These types of inequalities are often framed in terms of spatial inequality and displacement from location. However, as Helga Nowotowny notes, “power, exercised by central authorities, establishes itself over space and over time.”4 (emphasis added). Hierarchies of time, inequitable time distribution, and uneven access to safe and healthy futures inform intergenerational poverty in marginalized communities the same ways that wealth passes between generations in traditionally privileged families. Sociologist Jeremy Rifkin says that “temporal deprivation is built into the time frame of every society,” where people living in poverty are temporally poor as well as materially poor.”5 For example, time poverty is routinely used to penalize marginalized people in the justice system, where being ten minutes late to court can mean losing your job, kids, home, and freedom. Time and temporal inequities show up at every step of the eviction process, for example, from the short or fully waivable notice requirements for termination of a lease agreement, to the time required for an evicted family to vacate a unit that is severely out of line with the time needed to secure new housing. Inevitably, marginalized Black communities are disproportionately impacted by both material, spatial, and temporal inequalities in a linear progressive society, with many Black communities forced to occupy “temporal ghettos” as well as spatial ones.
Circuit City considers both the implications of time and of space involved in privatization of public housing, gentrification, displacement, and redevelopment. There is no set year or place in the play, but instead a layering of multiple temporal spaces. The residents of Circuit City are integrating the time(s) of redevelopment, privatization, and hyper-gentrification, into the pre-established temporal dynamics of the community, layered over and within the communal historical memory and the shared idea of the future(s) of that community. Nested within those layers are individual, subjective temporalities and the lived realities of the residents, at odds with the linear, mechanical model of time on which Circuit City and its external spatial-temporal constructs are etched. It takes as its central provocation a practical strategy for achieving a Black flight, a reverse gentrification, and inverse displacement, and the conditions necessary for temporal autonomy and spatial agency. Circuit City is presented using Black Quantum Futurism praxis as a critical framework, fusing Afrodiasporan philosophies and rituals with quantum physics, recovering artifacts of Black temporal consciousness, and dismantling oppressive social temporal constructs.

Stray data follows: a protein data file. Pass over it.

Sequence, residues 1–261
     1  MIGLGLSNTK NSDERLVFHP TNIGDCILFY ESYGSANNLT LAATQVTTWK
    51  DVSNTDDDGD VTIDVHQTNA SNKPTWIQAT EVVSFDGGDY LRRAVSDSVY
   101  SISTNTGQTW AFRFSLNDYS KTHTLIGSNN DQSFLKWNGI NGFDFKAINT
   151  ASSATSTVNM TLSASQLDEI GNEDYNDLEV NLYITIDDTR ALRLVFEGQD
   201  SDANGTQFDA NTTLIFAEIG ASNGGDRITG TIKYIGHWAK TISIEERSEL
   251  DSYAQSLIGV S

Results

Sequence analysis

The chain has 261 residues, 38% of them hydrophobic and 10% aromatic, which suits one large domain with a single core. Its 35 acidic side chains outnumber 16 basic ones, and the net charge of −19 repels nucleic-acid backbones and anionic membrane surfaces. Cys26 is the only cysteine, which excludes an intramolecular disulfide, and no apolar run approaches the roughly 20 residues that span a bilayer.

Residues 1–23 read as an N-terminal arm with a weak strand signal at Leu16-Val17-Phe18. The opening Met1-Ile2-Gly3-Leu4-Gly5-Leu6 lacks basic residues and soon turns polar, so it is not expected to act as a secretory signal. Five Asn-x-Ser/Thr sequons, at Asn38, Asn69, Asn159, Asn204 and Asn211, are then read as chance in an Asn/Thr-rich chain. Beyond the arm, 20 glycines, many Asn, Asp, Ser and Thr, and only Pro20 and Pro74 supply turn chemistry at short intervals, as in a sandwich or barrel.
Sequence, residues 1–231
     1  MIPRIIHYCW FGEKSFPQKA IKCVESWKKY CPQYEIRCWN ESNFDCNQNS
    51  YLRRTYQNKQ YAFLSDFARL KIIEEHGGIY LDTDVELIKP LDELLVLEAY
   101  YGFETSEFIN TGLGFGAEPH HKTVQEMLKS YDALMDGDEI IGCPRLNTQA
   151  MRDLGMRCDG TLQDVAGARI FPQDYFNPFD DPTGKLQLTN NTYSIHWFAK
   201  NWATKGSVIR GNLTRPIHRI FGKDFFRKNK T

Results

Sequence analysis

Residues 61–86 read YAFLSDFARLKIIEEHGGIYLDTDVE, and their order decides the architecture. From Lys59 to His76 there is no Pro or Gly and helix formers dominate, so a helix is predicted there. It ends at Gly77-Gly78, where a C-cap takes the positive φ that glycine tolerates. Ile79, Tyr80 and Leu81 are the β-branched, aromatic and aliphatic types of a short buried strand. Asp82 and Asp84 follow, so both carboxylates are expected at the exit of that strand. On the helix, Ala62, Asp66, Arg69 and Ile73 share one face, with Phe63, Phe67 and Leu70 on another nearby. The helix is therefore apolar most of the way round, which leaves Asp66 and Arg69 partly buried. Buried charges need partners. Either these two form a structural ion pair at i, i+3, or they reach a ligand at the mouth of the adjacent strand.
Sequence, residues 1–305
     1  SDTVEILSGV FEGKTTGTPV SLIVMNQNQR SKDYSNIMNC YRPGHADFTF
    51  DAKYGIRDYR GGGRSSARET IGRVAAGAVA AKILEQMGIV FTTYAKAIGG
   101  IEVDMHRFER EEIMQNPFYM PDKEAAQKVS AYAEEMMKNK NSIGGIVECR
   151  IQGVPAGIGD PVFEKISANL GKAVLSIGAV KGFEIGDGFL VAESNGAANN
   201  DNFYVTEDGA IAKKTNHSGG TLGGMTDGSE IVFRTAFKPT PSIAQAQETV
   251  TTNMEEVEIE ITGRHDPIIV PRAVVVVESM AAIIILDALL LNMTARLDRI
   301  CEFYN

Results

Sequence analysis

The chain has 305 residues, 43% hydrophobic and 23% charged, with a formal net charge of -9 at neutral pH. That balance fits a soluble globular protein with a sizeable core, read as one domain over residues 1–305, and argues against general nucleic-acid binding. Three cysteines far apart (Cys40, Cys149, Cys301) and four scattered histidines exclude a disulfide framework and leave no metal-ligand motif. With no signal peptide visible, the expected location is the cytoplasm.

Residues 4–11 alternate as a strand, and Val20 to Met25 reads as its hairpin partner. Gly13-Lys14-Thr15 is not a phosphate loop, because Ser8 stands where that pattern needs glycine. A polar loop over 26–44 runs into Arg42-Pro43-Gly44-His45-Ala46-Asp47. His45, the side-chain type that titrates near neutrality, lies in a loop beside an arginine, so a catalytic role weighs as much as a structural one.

These images overlay cosmic time with slaveships with microchips, circuit boards, and public housing layouts, attempting to catch a psychic space that transcends times, or co-mingles with past, present, future.
1A recent study by the Urban Institute shows that two-thirds of landlords in Philadelphia refuse to accept tenants with Housing Choice (Section 8) vouchers, A Pilot Study of Landlord Acceptance of Housing Choice Vouchers, The Urban Institute, (August 2018) https://www.urban.org/research/publication/pilot-study-landlord-acceptance-housing-choice-vouchers.
2Sandra Park, Unfair Eviction Screening Policies Are Disproportionately Blacklisting Black Women (August 19, 2017). https://www.aclu.org/blog/womens-rights/violence-against-women/unfair-eviction-screening-policies-are-disproportionately
3Philadelphia’s Poor Who they are, where they live, and how that has changed, Pew Charitable Trusts, (November 2017) https://www.pewtrusts.org/-/media/assets/2017/11/pri_philadelphias_poor.pdf; City of Philadelphia and the Philadelphia Housing Authority Assessment of Fair Housing (December 12, 2017) http://fairhousingrights.org/wp-content/uploads/2017/12/afh-2016-for-web.pdf
4Helga Nowotny, Time: The Modern and Postmodern Experience, p. 148 (1994)
5Jeremy Rifkin, Time Wars, p. 192 (1989).